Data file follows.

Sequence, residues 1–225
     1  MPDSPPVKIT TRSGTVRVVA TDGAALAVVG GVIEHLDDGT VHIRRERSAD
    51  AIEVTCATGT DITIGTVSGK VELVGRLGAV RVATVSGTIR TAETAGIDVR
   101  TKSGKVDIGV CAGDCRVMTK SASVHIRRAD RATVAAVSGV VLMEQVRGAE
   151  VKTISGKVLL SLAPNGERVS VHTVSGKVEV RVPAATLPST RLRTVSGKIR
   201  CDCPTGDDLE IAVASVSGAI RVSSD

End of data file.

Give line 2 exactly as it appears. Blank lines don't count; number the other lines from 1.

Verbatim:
     1  MPDSPPVKIT TRSGTVRVVA TDGAALAVVG GVIEHLDDGT VHIRRERSAD